Given the NCGA’s apparent determination to siphon public school funding into private and parochial school voucher programs, it is practically impossible for our local district budget to adequately meet its infrastructure and staffing needs. Buildings are aging, teachers and staff remain woefully underpaid, and programs that support struggling students are perpetually underfunded. That being said, our local budget must be a depiction of district priorities; we should carefully assess how well it reflects the priorities laid out in our strategic plan and whether there are efficiencies that can be gained. I am hesitant to question specific priorities in the current budget without being privy to all information, as there are many factors when developing a financial plan and complicating factors due to COVID surely affected numerous line items. However, if elected to the Board of Education, I will always encourage augmenting line items that relate to support for our most vulnerable student populations and those that relate to teacher and staff remuneration. 

5. Does the General Assembly have a constitutional obligation to comply with the state Supreme Court order in the Leandro case to fully fund public schools and give every child in North Carolina a sound basic education?  What other policies should lawmakers enact at the state level to strengthen public education? 

The refusal of the Republican super-majority in the NCGA to comply with the financial mandates contained within the Leandro decision (and consequently the recommendations laid out in the Leandro Plan) is not surprising, but it is indicative of our state legislature’s complete lack of interest in improving our public schools. Instead, they have prioritized diverting funds from our public school budgets into private and religious schools via voucher programs. Many of the schools receiving voucher funding have little to no oversight on their content, curricula, standards, or operations, some failing to provide even a basic education. Not only should the General Assembly immediately comply with the order in the Leandro case, our state constitution demands it. The fact that our State Legislature has been fighting the Leandro ruling for a literal generation is unconscionable and is letting down our state’s most vulnerable students and perpetuating inequity across our state.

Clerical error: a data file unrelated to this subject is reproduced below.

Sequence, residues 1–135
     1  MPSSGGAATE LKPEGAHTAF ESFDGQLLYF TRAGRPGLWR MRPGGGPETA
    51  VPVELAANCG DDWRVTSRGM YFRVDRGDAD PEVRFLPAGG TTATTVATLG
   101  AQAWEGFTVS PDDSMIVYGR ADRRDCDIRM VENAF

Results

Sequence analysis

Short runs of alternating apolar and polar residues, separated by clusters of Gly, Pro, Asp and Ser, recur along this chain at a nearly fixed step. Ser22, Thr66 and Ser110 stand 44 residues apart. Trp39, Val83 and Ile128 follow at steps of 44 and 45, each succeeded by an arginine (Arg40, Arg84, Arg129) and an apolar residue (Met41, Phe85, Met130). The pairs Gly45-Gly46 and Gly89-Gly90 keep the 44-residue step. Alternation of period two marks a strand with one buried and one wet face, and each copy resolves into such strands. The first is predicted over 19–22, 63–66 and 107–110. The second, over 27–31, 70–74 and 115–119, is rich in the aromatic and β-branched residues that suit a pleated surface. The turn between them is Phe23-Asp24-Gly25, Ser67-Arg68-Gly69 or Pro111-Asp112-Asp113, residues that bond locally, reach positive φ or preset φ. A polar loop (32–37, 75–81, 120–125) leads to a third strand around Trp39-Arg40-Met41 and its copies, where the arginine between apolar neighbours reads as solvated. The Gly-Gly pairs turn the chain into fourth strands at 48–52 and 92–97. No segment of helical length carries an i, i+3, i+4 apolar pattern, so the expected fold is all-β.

There are many other changes on the state level that must be made to public education. First, a recent report shows that North Carolina currently ranks 34th in the nation in terms of average teacher pay and 46th in the nation in terms of starting teacher pay. It’s no mystery why our state struggles to recruit new teachers and retain veteran teachers. Providing our educators with fair compensation and reasonable benefits for the absolutely essential service they provide to our students is crucial to our ability to recruit and retain excellent educators, it’s an investment in our state’s future succeses…and it’s the right thing to do.